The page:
I first gave it a good wipe down with some diluted multipurpose cleaner and then removed the 8 case screws. I took a plastic rewards card and wedged it between the case plastic to separate the plastic clips from the housing. Unclipped the 3 wiring harnesses from the LCD screen to expose the DVD drive. Unclipped 2 more wiring harnesses and unscrewed 5 more screws holding the DVD drive in place. At his point, I had no idea what I was doing but figured I could at least give the DVD lense and board a thorough cleaning with some isopropyl alcohol. I figured since the outside of the TV was covered in a thick layer of grease, the lense was equally dirty. After cleaning everything I plugged in the DVD drive and it fired right up. Put everything back together and it worked! Decided to play a movie for about 30 minutes to make sure it wasn't just a fluke but everything checked out. I'll likely sell it since I don't have a need for another TV but I'm happy I saved another electronic from the landfill :)

I'm hope the next electronic I find will require a little more work. I'd like to practice my soldering skills for once :lol:

Salathor
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Re: Fixit Log

Post by Salathor »

davtheram12 wrote:
Fri Aug 06, 2021 9:19 pm
Went on a talk today in my DW's hometown. Decided to stop at one of the local thrift stores before heading back home. Sitting on a shelf next to a bunch of trinkets I found a Bose Wave radio model AWRC-1P. As I was fiddling with it one of the owners said to me "oh honey I don't think that thing works. I can't seem to get the CD function to work. If you want it you can have it for $5." Sold! Brought it home and after 30 seconds of research I found it was a common problem with this exact model. The spinning mechanism and laser were both getting power but it wasn't getting enough. I removed the top cover (via 3 screws and 2 clips), made the adjustments (via a 1/8 turn to a screw) ran a test and it worked! I put it all back together and it sounds amazing. The original plan was to sell it for $125 but it seems my DW wants to keep it now :lol:
What a find!

Married2aSwabian
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Re: Fixit Log

Post by Married2aSwabian »

Good morning, Fixit Log friends. So, yesterday we had the Honda in for front end alignment. When they called to tell me it was done, I was told, “The bearing plates are binding on front struts.” WTF!!! All that hard work and it’s still not right??

I had a chance to talk with the mechanic who did alignment (he’s worked at this garage since they opened in ‘92, so he knows his shit). He said that the bearing plates at top of strut mounts are very thin and don’t always rotate properly due to cheap materials (made in China). He said that this could lead to the vehicle occasionally pulling to one side or the other after a turn in that direction. So, now we will monitor this and determine if the NEW struts need to be replaced! Basically, if thrust bearings at top of strut mount aren’t doing their job, you have a compression spring also acting like a torsion spring until it breaks loose again with a slight clunk!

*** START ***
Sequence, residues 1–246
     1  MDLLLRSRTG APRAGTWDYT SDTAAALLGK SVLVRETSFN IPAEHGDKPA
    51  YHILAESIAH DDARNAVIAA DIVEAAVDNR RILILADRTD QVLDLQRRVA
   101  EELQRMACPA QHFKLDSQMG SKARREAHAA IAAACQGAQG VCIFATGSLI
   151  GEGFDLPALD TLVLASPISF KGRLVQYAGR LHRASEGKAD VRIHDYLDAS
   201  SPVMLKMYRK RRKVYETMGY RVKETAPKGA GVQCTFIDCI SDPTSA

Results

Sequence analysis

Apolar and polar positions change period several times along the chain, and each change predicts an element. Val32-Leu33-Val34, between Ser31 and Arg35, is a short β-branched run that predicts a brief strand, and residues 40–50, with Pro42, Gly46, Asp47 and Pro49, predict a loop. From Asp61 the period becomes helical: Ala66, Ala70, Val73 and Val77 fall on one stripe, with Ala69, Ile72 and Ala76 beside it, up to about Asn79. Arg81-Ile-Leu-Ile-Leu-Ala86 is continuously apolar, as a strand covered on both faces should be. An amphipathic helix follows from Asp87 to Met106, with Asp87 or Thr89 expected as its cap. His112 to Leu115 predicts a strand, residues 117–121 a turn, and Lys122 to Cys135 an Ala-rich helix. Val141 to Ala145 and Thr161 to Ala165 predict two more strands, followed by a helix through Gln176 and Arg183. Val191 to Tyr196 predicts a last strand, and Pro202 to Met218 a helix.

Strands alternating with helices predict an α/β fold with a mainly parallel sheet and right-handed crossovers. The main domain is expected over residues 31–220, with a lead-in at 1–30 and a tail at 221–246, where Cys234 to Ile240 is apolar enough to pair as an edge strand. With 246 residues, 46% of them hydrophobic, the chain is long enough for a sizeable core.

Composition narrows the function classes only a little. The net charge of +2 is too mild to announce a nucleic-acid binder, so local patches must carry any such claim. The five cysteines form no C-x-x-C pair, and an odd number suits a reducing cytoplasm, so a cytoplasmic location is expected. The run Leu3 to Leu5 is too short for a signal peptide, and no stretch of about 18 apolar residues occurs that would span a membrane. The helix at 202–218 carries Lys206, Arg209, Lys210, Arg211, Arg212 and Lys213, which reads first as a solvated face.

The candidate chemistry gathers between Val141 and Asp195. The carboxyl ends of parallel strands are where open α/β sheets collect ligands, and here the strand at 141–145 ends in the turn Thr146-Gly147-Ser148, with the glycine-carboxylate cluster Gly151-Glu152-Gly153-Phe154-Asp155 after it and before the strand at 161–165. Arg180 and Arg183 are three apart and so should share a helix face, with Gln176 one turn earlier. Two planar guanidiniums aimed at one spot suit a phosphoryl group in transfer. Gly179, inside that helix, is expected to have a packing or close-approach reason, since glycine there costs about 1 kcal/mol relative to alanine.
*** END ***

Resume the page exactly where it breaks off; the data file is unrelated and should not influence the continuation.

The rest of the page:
Here is what our friends at KYB have to say on their site:

https://www.kyb.com/knowledge-center/fa ... s-are-new/

Of course - let’s blame everyone but the manufacturer for poor quality. :lol:
The area where struts mount was clean and rust-free. I even wiped it clean with a rag - no issue there.

Here are the struts I bought from Partsgeek:

https://www.partsgeek.com/ss/?ssq=2007+ ... &brand=KYB

Anyone have experience with these guys? I will definitely call and talk with them about it today. They have to stand behind parts they sell. Assembled in USA does not equal Made in USA.

Since the install, I have noticed twice a slight clunking noise coming from one strut or the other while turning the wheel hard right or left while backing out, so it makes sense. Driving the 8 miles home yesterday, alignment seemed very good and steady, including after turns.

I look forward to your feedback!

Sincerely,

Frustrated Neophyte Mechanic

SavingWithBabies
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Re: Fixit Log

Post by SavingWithBabies »

@M2S I haven't bought from them (I usually go with RockAuto.com but shop carefully there to try to get quality/OEM grade parts as they have quite a range of parts). Sounds like others have had the same or similar problem as you:

https://www.crvownersclub.com/threads/b ... 4k.211192/

A good forum dedicated to the brand/model is really helpful for the shade tree mechanic (not sure if the above is a good one, just randomly found via Google).

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Ego
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Re: Fixit Log

Post by Ego »